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Cleveland PCC human trafficking warning

The Police and Crime Commissioner for Cleveland, Barry Coppinger, is warning people not to assume that trafficking does not happen on Teesside. It follows a Human Trafficking and Slavery Conference.

Representatives from the National Crime Agency, national charity Hope for Justice, the Gangmasters Licensing Authority and young people from Barnardos, all spoke about how human trafficking and slavery is hidden in communities. They said that trafficking can take many forms, including forced labour, domestic servitude, sexual exploitation, or for criminal means.

Cleveland Police has made three referrals to the UK Human Trafficking Centre this year after officers had identified two people who had been trafficked as cannabis farmers to run farms and a possible case of domestic servitude.

“It’s hidden from communities, but we are working to bring it to the forefront and I want people living across Cleveland to help us. It could be that people are being trafficked for criminal means, or for forced labour in homes in the area. Anyone with concerns about something they see or hear should contact police."

– Police and Crime Commissioner Barry Coppinger

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Cleveland: Only police force to investigate all crimes

Cleveland Police is the only force in the country to investigate all crimes reported to it.

Cleveland's performance is in stark contrast to many other police forces, according to Her Majesty's Inspectorate of Constabulary - which suggests that many have given up on basic policing, because of a lack of resources.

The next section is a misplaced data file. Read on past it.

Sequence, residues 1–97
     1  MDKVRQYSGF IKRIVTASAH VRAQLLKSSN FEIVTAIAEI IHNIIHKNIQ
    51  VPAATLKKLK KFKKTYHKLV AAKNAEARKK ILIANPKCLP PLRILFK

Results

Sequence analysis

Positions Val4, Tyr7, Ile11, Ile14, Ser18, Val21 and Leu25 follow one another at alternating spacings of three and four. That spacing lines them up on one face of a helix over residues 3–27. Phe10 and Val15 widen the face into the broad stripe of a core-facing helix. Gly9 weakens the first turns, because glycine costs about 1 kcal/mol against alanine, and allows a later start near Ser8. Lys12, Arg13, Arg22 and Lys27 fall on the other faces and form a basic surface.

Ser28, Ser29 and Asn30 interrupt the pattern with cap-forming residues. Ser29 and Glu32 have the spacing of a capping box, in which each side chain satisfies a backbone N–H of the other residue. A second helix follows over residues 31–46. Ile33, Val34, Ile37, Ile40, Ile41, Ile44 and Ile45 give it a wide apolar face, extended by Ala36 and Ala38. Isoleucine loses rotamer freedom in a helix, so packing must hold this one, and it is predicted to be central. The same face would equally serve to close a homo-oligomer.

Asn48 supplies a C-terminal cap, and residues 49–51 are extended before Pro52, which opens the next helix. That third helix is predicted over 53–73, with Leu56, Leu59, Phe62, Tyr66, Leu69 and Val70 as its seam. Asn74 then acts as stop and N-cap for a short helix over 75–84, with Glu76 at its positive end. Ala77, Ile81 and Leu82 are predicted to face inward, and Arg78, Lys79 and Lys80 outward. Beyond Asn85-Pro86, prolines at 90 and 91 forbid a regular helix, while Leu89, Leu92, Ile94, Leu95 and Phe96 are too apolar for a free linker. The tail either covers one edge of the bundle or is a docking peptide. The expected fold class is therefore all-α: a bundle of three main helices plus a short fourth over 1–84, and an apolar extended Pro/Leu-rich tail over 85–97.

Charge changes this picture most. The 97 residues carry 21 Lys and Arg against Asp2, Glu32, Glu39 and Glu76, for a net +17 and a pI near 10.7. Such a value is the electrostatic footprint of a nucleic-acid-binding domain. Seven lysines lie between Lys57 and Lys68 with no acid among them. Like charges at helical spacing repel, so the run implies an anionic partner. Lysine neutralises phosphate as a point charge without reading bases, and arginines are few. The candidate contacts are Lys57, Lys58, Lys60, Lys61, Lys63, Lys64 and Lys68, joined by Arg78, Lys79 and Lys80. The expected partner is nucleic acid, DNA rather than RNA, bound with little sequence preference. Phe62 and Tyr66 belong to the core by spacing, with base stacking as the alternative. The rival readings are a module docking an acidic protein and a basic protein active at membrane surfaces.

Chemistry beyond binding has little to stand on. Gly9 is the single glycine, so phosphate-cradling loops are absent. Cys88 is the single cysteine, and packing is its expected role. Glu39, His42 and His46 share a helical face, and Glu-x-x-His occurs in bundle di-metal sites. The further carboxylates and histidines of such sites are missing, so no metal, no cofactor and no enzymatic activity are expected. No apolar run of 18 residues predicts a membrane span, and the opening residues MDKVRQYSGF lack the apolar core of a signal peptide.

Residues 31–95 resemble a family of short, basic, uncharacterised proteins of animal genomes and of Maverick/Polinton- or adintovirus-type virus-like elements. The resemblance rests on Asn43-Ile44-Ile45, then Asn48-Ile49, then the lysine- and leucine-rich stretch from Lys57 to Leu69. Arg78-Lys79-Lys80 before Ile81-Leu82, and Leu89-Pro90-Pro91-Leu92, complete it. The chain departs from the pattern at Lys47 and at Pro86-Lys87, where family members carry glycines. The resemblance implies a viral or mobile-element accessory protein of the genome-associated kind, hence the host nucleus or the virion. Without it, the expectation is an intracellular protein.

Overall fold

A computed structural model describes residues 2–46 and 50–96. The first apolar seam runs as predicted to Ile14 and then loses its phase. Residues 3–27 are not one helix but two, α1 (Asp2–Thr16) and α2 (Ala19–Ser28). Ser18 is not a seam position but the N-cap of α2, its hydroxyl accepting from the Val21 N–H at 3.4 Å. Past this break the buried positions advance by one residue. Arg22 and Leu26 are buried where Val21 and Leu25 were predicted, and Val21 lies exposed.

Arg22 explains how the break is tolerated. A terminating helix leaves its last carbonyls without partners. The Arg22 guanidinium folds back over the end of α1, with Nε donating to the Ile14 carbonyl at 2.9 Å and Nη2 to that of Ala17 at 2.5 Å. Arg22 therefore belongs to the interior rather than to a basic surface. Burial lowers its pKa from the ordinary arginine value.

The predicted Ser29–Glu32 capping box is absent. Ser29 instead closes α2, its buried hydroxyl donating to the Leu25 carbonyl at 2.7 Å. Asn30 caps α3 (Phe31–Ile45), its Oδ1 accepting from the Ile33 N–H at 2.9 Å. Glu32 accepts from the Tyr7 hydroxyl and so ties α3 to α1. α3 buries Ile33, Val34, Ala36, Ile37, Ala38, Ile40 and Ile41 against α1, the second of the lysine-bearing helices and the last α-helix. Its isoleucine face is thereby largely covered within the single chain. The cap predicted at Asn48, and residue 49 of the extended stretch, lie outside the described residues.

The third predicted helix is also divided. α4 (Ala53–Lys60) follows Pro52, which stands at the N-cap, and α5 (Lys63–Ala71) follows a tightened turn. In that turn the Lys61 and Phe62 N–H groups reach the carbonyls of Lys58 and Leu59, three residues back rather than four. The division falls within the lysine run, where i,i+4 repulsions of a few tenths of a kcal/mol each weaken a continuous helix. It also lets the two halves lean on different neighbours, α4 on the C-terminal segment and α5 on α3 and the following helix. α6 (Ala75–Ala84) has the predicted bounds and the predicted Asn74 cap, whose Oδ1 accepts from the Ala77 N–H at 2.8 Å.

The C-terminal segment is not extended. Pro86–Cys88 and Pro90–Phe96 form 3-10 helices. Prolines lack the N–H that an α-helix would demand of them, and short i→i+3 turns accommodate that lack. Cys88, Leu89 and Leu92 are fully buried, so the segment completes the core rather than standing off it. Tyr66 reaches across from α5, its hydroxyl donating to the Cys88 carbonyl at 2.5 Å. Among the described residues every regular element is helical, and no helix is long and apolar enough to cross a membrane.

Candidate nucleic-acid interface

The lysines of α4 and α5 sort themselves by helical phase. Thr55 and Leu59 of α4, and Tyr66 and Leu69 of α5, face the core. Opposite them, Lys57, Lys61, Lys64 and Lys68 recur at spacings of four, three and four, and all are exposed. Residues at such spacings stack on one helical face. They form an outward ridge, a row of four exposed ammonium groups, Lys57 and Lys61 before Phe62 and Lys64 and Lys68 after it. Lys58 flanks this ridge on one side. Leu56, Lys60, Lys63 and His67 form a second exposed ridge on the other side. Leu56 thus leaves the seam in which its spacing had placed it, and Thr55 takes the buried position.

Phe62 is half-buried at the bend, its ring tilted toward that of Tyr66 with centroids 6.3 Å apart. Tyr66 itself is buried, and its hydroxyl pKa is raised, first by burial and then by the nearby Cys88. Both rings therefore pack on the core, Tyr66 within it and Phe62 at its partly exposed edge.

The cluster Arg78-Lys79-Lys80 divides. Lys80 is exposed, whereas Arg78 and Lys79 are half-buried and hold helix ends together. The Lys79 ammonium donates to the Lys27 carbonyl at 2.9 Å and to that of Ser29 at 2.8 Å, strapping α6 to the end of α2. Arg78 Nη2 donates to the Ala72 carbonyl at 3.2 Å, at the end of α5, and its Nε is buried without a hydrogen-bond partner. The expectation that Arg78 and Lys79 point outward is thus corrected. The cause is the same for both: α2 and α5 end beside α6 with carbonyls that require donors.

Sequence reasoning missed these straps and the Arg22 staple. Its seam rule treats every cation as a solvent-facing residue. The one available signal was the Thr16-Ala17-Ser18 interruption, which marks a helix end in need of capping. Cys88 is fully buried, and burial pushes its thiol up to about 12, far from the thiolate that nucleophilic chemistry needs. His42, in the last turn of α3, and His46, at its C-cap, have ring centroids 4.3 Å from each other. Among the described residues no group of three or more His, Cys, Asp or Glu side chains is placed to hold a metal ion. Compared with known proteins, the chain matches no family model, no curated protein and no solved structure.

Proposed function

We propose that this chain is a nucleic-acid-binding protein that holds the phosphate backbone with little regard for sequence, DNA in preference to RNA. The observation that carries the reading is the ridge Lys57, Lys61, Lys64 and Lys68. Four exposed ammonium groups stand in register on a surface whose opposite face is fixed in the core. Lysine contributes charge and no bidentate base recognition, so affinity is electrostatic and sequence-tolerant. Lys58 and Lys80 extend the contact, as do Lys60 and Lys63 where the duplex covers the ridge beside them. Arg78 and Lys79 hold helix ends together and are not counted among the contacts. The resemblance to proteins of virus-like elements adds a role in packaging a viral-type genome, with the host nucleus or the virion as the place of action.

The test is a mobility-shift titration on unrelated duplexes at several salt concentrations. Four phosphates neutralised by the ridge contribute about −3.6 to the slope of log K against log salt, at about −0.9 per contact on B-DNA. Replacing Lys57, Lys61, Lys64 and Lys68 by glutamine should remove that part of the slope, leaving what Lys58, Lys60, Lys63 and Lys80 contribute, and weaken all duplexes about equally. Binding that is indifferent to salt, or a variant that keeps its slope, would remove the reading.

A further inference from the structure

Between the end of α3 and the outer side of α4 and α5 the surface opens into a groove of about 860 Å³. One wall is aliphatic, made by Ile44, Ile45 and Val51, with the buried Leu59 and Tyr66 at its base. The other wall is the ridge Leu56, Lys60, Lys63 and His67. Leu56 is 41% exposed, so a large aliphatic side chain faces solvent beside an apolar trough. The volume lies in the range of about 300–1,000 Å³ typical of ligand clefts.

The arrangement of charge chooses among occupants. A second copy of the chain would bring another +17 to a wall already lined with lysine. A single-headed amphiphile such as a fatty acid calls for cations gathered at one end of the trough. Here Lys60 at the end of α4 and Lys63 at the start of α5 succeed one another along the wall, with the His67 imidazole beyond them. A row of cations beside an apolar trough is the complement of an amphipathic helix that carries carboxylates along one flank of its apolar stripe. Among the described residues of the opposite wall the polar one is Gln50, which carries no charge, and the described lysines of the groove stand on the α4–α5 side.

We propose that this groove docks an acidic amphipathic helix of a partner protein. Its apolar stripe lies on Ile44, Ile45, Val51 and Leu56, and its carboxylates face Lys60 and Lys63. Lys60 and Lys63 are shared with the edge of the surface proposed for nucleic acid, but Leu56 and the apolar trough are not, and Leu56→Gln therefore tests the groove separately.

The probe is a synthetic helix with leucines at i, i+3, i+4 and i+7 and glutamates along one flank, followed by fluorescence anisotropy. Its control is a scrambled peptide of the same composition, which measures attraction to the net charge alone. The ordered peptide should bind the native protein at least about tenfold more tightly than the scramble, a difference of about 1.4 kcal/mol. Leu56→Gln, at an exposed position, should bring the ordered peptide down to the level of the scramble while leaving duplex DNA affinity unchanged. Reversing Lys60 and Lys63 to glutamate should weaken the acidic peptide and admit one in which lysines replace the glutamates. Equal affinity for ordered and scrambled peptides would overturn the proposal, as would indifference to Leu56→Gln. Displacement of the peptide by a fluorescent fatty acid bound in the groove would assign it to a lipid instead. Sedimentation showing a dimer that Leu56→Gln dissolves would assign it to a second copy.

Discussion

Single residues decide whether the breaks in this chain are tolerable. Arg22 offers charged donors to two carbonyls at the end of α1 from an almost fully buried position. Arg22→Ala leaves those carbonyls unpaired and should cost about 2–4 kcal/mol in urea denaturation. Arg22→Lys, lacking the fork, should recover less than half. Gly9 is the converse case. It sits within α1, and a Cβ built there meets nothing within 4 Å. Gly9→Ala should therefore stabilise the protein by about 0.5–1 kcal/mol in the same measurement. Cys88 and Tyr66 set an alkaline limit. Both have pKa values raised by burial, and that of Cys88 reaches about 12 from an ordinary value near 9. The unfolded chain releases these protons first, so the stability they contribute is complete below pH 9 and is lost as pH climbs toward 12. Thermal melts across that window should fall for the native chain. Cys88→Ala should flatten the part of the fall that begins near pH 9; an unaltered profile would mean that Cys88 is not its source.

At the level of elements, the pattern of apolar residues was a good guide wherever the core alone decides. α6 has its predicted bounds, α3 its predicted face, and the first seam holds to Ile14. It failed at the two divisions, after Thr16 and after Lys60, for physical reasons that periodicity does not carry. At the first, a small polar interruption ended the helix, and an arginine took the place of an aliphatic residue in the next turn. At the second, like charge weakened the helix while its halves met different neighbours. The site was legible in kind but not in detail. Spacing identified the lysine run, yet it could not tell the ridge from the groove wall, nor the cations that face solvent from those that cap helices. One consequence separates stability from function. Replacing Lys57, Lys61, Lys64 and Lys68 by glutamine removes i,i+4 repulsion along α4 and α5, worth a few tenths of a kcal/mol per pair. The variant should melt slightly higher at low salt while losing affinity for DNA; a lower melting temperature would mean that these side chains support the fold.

There are 43 police forces in England and Wales. Credit: ITV Tyne Tees
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Police need 'the tools to do the job'

Police need "the tools to do the job" if they are going to investigate every crime which is reported, a watchdog has told Good Morning Britain.

HMIC's Thomas Winsor said police did prioritise violent crimes but needed to be "properly supervised, properly lead and given the tools to do the job," if they were going to investigate more low level criminality.

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Acpo: Austerity policing means 'prioritising calls'

Austerity has forced police to use their time more efficiently and this has meant prioritising calls from victims of alleged crimes, the Association of Chief Police Officers said.

President Sir Hugh Orde said:

We accept that the public has a natural expectation to have a positive and supportive experience of interacting with the police service when they have been a victim of crime.

The reality of austerity in policing means that forces must ensure that their officers' time is put to best use and this means prioritising calls.

In some instances, this may mean that a report of a crime where the victim is not in imminent danger or the offender is not still in the immediate vicinity will be dealt with over the phone or by other means than the deployment of an officer to the scene. This is not an abdication of forces' duty of care to victims.